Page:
BY WINSTONE ANTONIO
UNITED KINGDOM-BASED Zimbabwean actress and choreographer Enisia Mashusha has saluted theatre guru, Cont Mhlanga of Amakhosi Theatre, for shaping her career that has seen her make her mark on the male dominated showbiz scene.
The multi-talented Mashusha established herself as a brand when she founded one of the country’s first-ever all female dance groups, Mambokadzi, that danced its way to fame between 2005 and 2010.
Mashusha took to social media to appreciate how much the playwright, actor and theatre director Mhlanga, through his Amakhosi Theatre, had moulded her into a fine artist she is today.
“Amakhosi Theatre started in 1980, I was still a baby by that time. It started as a karate club and it later turned into a cultural institution with outstanding productions. We used to see them walk past our school gate with my friends, and my friends would say those are Amakhosi celebrities and they are just from a tour abroad. Little did I know that I was to share the stage with these same celebrities in the following years,” she posted.
In a follow-up interview with NewsDay Weekender from her London base, Mashusha said she was happy to have been groomed by Mhlanga and today she is able to impart the same skills she learnt from back then at Siyaya Arts and from Mhlanga’s Amakhosi Theatre.
“I am still celebrating my artistic journey at Amakhosi Theatre. I recall that one of our powerful productions, Yebo Africa, was a musical production which incorporated music, dance, acting singing and modelling. Who ever thought curvy girls could model? But yah, with the grace of being under Cont Mhlanga’s umbrella, I went through all the grooming and steps on how to be a model,” she said.
“We used to have full houses and standing ovations whenever we performed this show (Yebo Africa) alongside Ramsey Kasawaya on our traditional wedding. One of the powerful tools that Amakhosi Theatre did was to empower us on both the production side and performance, which was an advantage to many.”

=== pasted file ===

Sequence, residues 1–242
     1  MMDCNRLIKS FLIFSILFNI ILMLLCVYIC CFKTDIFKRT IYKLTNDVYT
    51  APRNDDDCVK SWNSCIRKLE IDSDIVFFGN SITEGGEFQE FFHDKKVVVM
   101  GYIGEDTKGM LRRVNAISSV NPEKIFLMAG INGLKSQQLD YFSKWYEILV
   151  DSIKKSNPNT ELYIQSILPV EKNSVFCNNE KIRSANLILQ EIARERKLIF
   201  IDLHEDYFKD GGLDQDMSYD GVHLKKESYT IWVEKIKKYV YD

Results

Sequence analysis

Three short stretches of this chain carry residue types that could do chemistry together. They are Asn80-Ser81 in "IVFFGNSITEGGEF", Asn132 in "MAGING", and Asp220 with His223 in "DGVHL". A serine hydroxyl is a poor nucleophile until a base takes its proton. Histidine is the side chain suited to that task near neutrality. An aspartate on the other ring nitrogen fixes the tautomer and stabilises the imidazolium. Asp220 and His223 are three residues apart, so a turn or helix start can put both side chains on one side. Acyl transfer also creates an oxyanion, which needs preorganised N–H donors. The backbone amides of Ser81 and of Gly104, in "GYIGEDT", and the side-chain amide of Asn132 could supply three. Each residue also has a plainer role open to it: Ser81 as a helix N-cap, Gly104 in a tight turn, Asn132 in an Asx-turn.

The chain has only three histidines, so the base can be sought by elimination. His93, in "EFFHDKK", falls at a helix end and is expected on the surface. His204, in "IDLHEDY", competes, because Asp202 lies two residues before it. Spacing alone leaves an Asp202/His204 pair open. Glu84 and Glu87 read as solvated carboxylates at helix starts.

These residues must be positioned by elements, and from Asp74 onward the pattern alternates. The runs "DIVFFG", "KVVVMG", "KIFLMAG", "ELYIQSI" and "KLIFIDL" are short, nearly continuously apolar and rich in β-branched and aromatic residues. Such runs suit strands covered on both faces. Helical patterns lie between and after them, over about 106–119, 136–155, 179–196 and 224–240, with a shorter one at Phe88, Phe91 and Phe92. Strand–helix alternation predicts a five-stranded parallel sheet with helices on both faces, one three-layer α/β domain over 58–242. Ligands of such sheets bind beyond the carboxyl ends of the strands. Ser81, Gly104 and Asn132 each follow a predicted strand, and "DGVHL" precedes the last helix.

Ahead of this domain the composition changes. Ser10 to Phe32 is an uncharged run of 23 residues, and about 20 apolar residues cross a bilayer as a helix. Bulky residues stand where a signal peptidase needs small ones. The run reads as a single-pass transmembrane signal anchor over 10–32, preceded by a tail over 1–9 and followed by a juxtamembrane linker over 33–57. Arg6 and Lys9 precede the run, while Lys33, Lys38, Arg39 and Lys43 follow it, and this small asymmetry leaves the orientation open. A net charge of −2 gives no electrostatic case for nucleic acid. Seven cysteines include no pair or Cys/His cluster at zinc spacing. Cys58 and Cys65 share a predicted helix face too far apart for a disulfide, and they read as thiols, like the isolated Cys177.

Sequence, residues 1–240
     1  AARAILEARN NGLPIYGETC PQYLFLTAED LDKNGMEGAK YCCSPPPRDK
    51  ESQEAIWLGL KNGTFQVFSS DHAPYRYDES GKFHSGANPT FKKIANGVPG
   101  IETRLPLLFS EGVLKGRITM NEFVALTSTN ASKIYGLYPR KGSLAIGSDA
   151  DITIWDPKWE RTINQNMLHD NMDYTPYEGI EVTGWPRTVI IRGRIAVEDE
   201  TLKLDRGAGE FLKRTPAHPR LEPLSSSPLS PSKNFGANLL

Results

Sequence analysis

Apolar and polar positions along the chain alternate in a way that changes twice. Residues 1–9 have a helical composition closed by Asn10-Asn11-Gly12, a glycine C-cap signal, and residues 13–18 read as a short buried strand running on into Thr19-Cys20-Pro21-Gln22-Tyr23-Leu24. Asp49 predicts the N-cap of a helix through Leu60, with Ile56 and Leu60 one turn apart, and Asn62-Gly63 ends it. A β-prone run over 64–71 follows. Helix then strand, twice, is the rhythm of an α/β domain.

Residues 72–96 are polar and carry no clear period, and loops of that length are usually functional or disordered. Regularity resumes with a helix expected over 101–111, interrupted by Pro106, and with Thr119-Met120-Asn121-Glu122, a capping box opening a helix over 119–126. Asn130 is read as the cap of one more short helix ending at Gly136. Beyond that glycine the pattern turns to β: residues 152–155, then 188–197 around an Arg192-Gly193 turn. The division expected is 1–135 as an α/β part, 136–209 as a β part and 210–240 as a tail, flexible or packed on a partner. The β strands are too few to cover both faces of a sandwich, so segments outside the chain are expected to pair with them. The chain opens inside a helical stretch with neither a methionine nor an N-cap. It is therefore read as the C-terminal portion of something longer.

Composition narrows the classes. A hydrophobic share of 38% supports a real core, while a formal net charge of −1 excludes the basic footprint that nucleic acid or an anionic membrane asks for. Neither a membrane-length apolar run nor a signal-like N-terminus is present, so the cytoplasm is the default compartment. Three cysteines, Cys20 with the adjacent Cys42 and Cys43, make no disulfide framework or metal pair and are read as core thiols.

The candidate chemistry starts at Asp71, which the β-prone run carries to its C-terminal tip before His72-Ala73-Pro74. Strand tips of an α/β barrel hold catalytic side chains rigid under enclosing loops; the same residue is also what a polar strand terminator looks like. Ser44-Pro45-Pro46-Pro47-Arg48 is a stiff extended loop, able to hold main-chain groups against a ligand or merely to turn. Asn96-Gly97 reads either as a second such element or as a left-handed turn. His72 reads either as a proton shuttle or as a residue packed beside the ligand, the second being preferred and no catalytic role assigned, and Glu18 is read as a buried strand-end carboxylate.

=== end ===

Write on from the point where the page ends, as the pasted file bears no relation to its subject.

Mashusha said at Amakhosi Theatre everyone learnt how to play any musical instrument of his or her own choice as part of a Diploma course, adding that she took it upon herself to learn how to play a guitar and keyboard.
“I did well with the keyboard, perhaps because of my secretarial background and, of course, “Mhlanga meant business; kwakungadlalwa. With that I was selected to be part of the first all-female musical band in Bulawayo; rather Zimbabwe, to be precise. Women in Art is a musical production produced and directed by Cont,” she said.
“The cast; it was “cream”, with Joyce Mpofu as lead vocalist, Nomathemba Khiwa on vocals and the late Beater Mangethe on vocals. Nomsa was on drums and Nobuhle Moyo Anna on rhythm guitar. Loveness Wesa was lead guitarist, Thembi Ngwabi was on bass guitar and I was on keyboard. I am forever grateful.”
Mashusha said she was also grateful to some people like Alois “samaMoe” Moyo, an actor and director and also one of the founding members of Amakhosi Theatre as he also inspired her artistic career.
“We all know him as Seka Thuli in Stitsha, the stage play and ZTV drama series. He is a popular television and film star. He has worked on global projects with the likes of Morgan Freeman. Alois Moyo taught us to love one another, regardless of whether the person was Ndebele, Shona or Kalanga. There was always peace, love and happiness amongst us,” she said.
“One thing I have learnt from Alois was love and care for one another. I remember the song he used to sing in the production Siigaye…Singaba’ntu banye. He played the priceless unifying role as he taught us to embrace each other. Never a single day did he act untouchable, but he was a veteran, a star in the arts industry and he is still a star.”
She also paid tribute to National Art Merit Award winner Mandla Moyo, who she described as one of the finest actors to ever grace Amakhosi Theatre.
“At Amakhosi Theatre, it was all about team work. I would like to applaud my fellow artists for helping each other to be who we are in our careers today,” she said.
Mashusha challenged government, which she said was not doing anything in terms of empowering women in the performing arts.
“It is sad that women have to hustle to make it happen (for them) and this then makes it hard for women in performing arts to make a break through. Society’s narrative must also change. Why brand women who have decided to take up arts as a profession as prostitutes,” she quizzed.
“The abuse of women in arts should stop and the perpetrators should be brought to book. Some women in arts receive peanuts, causing some of them to fall into the trap of being abused by the promoters, so as to get more shows. I believe government can chip in with funding to supplement artists’ income in order to avoid the manipulation. If female artists can get a direct fund from the government, they will be empowered.”